Philippine National Bank

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The Philippine National Bank (PNB), created during the American colonial period on 22 July 1916, is among the top banking institutions in the Philippines and considered as one of the country's economic pillars. It is the country’s first universal bank, and functioned as the de facto Central Bank of the Philippines until the 1940's. It is also the first to offer automated tellering services in the country through the self-service tellering machine (ATM's). Today, it is part of Lucio Tan Group of Companies and has the biggest Philippine bank network in the world.

Contents

History

The Philippine National Bank was established as a government-owned banking institution on July 22, 1916 with headquarters in the old Masonic Temple along Escolta, Manila. Its primary mandate was to provide financial services to Philippine industry and agriculture and support the government's economic development effort. World War I, then raging in Europe, generated huge demand for the country's major exports namely: sugar, copra, coconut oil, Manila hemp and tobacco. However, not much was being done to develop the industries that produced these sought-after crops since access tocredit facilities was limited then. To solve this problem, Henderson Martin, Vice Governor of the Philippines, together with Mr. Miguel Cuaderno (who later became Central Bank governor) drafted the charter fora national bank.

On February 4, 1916, Public Act 2612 was passed by the Philippine Legislature providing for the establishment of the PNB to replace the small P1 million government-owned Agricultural Bank. PNB's first head office was the Masonic Temple along Escolta, the then "Wall Street of the Philippines" in the bustling district of Sta. Cruz in Manila. An American, H. Parker Willis, was its first president.

With PNB's establishment, Filipinos found a bank of their own. PNB was authorized to grant short and long-term loans to agriculture and industry. The Filipino farmers then could avail of loans with interest between 8% to 10% per annum. PNB was also authorized to receive deposits, open foreign credits and rediscount bills.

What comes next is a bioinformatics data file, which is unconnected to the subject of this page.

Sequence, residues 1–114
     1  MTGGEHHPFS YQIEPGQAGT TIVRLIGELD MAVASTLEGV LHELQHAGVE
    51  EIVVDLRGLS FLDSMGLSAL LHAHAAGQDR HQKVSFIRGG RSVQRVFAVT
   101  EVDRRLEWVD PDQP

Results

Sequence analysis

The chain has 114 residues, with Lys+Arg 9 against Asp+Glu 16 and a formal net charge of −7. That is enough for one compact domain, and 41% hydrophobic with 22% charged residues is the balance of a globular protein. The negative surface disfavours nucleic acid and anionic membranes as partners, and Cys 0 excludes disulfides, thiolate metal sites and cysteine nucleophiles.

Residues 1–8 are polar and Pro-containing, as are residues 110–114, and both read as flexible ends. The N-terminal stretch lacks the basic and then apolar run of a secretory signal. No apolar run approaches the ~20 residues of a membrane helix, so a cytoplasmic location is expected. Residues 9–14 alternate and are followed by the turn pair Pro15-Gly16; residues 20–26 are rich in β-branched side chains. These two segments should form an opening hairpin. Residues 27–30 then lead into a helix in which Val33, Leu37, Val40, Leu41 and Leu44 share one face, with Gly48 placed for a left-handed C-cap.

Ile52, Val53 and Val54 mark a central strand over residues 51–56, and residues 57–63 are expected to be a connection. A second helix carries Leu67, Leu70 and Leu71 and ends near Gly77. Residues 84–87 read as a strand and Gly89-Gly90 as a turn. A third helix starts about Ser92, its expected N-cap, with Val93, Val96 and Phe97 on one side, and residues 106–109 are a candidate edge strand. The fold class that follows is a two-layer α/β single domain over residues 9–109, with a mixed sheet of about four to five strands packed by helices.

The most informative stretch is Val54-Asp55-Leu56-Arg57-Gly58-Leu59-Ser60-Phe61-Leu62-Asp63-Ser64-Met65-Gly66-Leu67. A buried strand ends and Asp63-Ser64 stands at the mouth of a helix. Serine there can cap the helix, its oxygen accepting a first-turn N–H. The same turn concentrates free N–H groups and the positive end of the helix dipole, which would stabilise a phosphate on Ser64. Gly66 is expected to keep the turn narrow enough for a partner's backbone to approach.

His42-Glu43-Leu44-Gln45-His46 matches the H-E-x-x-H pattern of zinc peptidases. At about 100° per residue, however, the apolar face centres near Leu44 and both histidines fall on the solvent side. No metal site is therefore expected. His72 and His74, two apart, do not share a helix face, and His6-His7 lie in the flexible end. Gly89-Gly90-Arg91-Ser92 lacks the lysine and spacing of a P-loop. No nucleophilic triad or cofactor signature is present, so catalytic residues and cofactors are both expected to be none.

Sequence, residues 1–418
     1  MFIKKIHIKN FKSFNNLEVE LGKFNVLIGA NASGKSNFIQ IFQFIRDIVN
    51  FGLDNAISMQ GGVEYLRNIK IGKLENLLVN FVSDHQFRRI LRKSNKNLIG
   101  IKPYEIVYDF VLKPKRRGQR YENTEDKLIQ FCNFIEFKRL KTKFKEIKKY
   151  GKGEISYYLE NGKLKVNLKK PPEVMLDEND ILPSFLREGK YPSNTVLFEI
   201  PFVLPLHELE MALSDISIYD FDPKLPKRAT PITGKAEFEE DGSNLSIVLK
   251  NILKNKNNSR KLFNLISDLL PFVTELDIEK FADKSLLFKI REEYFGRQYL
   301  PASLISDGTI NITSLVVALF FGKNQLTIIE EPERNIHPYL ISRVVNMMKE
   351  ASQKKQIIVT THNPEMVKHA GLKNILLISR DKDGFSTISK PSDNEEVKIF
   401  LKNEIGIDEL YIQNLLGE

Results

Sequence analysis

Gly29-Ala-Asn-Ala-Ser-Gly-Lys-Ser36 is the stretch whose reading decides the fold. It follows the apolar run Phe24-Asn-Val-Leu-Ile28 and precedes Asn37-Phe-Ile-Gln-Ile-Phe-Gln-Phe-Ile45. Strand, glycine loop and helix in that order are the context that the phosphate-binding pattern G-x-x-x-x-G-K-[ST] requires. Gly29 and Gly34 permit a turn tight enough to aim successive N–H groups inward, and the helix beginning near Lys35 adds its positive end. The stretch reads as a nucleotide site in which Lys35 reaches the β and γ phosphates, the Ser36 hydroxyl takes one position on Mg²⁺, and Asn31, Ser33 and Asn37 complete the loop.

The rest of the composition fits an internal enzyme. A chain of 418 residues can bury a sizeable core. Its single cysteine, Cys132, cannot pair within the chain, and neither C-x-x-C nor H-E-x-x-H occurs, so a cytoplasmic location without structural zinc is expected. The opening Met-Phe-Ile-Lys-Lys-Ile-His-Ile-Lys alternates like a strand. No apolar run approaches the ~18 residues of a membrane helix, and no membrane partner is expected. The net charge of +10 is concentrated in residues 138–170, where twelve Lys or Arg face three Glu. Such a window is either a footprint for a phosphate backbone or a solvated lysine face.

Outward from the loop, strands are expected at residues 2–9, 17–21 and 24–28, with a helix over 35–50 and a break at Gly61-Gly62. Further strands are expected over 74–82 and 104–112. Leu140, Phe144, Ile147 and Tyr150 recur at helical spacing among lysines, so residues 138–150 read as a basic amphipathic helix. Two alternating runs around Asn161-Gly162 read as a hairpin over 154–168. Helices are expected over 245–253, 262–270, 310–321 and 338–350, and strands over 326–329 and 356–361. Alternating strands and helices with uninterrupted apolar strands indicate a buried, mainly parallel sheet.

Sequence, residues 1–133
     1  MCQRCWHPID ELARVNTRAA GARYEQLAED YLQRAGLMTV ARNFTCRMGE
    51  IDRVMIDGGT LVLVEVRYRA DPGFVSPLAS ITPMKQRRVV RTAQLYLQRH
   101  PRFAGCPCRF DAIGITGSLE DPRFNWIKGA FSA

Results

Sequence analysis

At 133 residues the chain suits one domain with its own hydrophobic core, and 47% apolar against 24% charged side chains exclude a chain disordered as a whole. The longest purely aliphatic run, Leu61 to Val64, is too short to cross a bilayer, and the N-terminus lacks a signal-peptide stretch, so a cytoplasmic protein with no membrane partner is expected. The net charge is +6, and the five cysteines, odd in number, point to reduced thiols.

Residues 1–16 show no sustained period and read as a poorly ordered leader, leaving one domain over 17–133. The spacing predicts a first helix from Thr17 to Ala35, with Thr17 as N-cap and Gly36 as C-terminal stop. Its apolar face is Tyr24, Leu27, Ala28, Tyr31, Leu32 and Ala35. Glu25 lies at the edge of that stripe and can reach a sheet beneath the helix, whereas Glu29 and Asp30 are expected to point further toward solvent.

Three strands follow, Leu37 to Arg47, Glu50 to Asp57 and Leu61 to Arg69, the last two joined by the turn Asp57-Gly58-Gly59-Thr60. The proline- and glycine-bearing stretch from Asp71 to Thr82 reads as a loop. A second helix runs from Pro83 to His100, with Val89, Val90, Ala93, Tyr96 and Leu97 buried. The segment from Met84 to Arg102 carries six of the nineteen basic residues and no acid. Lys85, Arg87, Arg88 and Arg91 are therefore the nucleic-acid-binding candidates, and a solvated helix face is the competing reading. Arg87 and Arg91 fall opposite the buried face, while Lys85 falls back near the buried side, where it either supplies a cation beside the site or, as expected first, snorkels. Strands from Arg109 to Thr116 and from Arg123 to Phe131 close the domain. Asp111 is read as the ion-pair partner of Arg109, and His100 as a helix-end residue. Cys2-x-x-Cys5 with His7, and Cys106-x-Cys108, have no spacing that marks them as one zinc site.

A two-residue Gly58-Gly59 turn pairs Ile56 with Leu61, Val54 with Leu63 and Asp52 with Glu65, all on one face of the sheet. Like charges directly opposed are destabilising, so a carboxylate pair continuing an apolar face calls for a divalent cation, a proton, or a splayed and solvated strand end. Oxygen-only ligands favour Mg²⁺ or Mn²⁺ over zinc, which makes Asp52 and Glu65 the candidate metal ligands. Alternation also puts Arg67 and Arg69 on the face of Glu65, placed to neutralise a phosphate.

On July 24, 1916, PNB established its first branch in Iloilo. In 1917, PNB marked its entry in the field of international banking when it opened its New York Branch. The following year, it established five more domestic branches and another overseas branch in Shanghai, China.

de facto Central Bank

PNB has also functioned as the de facto Central Bank of the Philippines until 1949. It was given the special power to issue circulating notes.

PNB briefly ceased operations in January 1942 but reopened the next month under the supervision of Japanese authorities. After the Second World War, PNB reopened immediately and acquired the assets and assumed the liabilities of the banking division of the National Treasury.

With the establishment of the Central Bank in 1949, PNB's role as issuer of currency notes, custodianship of bank reserves, sole depository of government funds and clearing house of the banking system ceased.

Electronic Data Processing System

In 1955, it was authorized to operate as an investment bank with powers to own shares and to issue debentures. In 1963, it established the National Investment and Development Corporation to engage primarily in long-term and equity financing of business ventures.

PNB logos from 1976

PNB transferred to its new Head Office along Escolta in 1966 and launched the first on-line Electronic Data Processing System in the entire Far East. Between 1967 and 1979, PNB continued to expand its operations by opening offices in London, Singapore, Djakarta, Honolulu and Amsterdam. In the domestic field, it opened 14 provincial branches. It was also during this period that the Bank started the Dollar Remittance Program.

In 1980, PNB became the first universal bank in the country. However, it encountered operational difficulties in the mid-80s as a result of the economic downturn triggered by the assassination of Senator Benigno S. Aquino, Jr and had to be assisted by the government in 1986.

Privatization

The privatization of the Bank started when 30 per cent of its outstanding stocks was offered to the public and its stocks were listed in the stock exchange in 1989.

In 1992, PNB became the first Philippine bank to reach the P100 billion mark in assets. Later that year, a second public offering of its shares was issued to continue its privatization.

In 1995, the Bank moved to its new headquarters at the PNB Financial Center in Roxas Boulevard, Pasay City. In 1996, the Securities and Exchange Commission approved the Bank's new Articles of Incorporation and by-laws and the change in the status of PNB from a government-based to a private corporation with the control of the government reduced to 46 per cent. At the turnover rites on July 23, 1996, President Fidel V. Ramos declared: